I've Always Kept a Unicorn tells the story of Sandy Denny, one of the greatest British singers of her time and the first female British singer-songwriter to produce a substantial and enduring body of original songs. Sandy emerged from the passionate, hard-drinking folk scene of the sixties - a world of larger-than-life characters such as Alex Campbell, Bert Jansch, Jackson C. Frank, Anne Briggs and her future husband, the Australian singer Trevor Lucas. She then laid down the marker for folk-rock when she joined Fairport Convention in 1968, recording three albums with them before her shock departure in November 1969 just ahead of the release of the last, the seminal Liege & Lief.
Sandy was driven by a restless search for the perfect framework for her songs during the seventies. She first formed Fotheringay with Trevor Lucas, but left the group controversially after their eponymous debut album. This was followed by a historic one-off recording with Led Zeppelin, 'The Battle of Evermore' - Sandy is the only guest vocalist ever to record with the group - and four mercurial solo albums, as well as a return to Fairport Convention, before her tragic and untimely death in 1978, aged thirty-one, in circumstances still shrouded in hearsay and speculation.
Sandy's often turbulent relationship with Trevor is at the core of her later life and work, as she tried to reconcile motherhood and marriage with the trappings of a rock 'n' roll lifestyle and a conflicted desire for the fame and success that others expected of her. Largely based on original and candid interviews with more than fifty of her friends, fellow musicians and contemporaries, and with access to previously unseen documents, photographs and Sandy's own notebooks, this is Sandy's story - that of a life never sung out of tune.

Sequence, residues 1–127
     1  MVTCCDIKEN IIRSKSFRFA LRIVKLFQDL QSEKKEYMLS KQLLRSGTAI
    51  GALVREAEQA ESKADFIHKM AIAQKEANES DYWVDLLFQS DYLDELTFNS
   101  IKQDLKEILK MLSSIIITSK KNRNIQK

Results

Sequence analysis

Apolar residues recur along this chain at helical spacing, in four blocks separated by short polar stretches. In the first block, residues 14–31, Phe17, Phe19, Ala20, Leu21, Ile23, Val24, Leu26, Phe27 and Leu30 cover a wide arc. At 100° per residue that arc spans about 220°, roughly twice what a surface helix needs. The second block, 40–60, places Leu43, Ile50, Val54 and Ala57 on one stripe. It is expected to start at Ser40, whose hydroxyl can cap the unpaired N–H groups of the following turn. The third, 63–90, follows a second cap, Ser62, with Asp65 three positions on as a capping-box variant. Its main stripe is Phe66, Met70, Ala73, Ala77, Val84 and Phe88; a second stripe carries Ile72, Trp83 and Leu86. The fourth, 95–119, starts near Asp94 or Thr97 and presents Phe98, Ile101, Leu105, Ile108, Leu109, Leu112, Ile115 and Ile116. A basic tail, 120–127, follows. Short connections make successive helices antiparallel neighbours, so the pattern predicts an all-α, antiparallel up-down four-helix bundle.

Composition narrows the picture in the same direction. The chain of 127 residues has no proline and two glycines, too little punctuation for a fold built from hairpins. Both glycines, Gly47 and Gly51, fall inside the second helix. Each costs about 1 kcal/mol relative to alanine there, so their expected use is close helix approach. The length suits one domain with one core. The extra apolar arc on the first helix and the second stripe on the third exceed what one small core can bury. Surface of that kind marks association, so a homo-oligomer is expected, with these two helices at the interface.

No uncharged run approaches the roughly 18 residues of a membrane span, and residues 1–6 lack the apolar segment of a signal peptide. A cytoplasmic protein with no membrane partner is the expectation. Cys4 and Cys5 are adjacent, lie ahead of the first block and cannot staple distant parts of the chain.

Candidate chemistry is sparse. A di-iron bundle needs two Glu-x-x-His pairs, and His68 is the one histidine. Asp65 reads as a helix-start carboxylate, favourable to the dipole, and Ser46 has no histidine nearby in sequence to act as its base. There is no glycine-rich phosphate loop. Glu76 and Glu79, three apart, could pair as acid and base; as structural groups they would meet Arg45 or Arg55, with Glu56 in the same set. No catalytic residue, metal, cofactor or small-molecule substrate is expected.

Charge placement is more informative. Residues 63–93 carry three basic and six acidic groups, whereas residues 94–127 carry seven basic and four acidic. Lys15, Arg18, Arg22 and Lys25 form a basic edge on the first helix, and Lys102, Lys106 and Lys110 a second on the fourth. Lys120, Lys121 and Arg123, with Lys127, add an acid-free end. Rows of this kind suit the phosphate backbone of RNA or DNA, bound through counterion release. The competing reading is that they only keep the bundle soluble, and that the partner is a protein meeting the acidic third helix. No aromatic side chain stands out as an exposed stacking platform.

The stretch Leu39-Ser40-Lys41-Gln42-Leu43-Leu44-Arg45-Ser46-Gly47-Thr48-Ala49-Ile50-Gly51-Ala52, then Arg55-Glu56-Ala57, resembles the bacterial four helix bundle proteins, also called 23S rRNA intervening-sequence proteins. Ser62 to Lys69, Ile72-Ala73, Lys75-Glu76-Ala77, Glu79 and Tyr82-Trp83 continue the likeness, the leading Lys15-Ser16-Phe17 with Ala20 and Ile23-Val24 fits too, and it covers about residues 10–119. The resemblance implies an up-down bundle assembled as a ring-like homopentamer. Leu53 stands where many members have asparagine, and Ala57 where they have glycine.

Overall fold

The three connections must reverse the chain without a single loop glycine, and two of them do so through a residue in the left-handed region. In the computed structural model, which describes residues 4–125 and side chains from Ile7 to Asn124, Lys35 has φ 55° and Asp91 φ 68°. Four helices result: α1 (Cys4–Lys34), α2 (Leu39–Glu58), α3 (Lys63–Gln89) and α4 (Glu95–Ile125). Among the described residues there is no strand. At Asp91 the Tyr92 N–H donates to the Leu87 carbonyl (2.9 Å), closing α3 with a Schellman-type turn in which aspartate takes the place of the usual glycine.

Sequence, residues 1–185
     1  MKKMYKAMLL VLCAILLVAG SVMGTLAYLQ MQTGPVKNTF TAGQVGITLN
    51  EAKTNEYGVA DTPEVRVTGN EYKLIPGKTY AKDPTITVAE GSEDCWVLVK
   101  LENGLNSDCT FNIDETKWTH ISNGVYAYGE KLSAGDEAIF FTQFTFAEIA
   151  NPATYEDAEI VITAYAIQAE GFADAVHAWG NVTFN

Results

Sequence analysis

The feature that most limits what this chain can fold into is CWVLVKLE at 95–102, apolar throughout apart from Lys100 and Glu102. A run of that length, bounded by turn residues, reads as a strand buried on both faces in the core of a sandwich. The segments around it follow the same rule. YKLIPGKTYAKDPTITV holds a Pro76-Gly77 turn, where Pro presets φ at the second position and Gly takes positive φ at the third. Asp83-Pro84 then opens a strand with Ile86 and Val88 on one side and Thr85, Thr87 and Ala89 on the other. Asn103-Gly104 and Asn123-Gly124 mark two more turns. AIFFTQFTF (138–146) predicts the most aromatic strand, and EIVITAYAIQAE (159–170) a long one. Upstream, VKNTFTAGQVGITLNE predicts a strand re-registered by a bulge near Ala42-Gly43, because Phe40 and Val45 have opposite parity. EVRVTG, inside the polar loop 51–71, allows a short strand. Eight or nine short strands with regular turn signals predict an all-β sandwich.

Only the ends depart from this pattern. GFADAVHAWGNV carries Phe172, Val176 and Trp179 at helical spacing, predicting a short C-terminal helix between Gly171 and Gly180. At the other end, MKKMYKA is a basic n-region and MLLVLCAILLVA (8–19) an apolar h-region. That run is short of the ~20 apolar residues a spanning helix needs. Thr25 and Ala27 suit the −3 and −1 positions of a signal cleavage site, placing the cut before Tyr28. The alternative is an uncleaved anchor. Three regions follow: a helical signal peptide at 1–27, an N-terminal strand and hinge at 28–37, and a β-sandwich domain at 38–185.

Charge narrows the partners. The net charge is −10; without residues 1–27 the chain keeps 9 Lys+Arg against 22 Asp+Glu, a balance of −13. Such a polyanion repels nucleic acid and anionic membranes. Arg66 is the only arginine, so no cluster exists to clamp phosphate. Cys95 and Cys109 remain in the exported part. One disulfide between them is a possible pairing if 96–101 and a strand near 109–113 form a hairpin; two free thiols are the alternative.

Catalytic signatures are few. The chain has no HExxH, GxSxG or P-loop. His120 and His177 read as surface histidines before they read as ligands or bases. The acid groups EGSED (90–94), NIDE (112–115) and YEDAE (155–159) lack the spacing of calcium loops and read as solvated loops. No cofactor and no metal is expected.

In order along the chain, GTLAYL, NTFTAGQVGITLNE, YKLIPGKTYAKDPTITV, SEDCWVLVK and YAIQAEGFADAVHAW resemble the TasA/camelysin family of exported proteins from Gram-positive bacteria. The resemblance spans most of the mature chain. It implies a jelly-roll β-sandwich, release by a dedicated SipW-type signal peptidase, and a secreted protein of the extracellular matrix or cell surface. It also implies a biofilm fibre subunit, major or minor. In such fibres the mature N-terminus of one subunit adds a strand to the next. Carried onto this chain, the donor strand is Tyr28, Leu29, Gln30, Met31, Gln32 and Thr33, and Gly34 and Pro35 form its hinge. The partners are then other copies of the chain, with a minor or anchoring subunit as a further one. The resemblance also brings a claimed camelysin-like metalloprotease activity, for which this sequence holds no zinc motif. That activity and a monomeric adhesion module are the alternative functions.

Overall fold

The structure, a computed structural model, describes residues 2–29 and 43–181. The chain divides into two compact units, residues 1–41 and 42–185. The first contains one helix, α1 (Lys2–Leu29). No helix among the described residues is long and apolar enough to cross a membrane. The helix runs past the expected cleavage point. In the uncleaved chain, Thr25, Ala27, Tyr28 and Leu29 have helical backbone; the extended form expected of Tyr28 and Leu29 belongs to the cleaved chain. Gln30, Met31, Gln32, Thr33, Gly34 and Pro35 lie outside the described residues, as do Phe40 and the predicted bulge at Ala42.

Since the 1970s, Mick Houghton has written on music for various publications including Sounds, Time Out and, more recently, Mojo and Uncut. He worked as a PR at Warner Brothers, before setting up his own agency, Brassneck Publicity, where he's represented artists such as Echo & the Bunnymen, Julian Cope, Spiritualized, Bert Jansch, Richard Thompson, and the KLF. As one of the Grammy-nominated compilers of the box set Forever Changing: The Golden Age of Elektra Records, 1963-1973, he went on to write the critically acclaimed Becoming Elektra: The True Story of Jac Holzman's Visionary Record Label, published in 2010. He lives in London.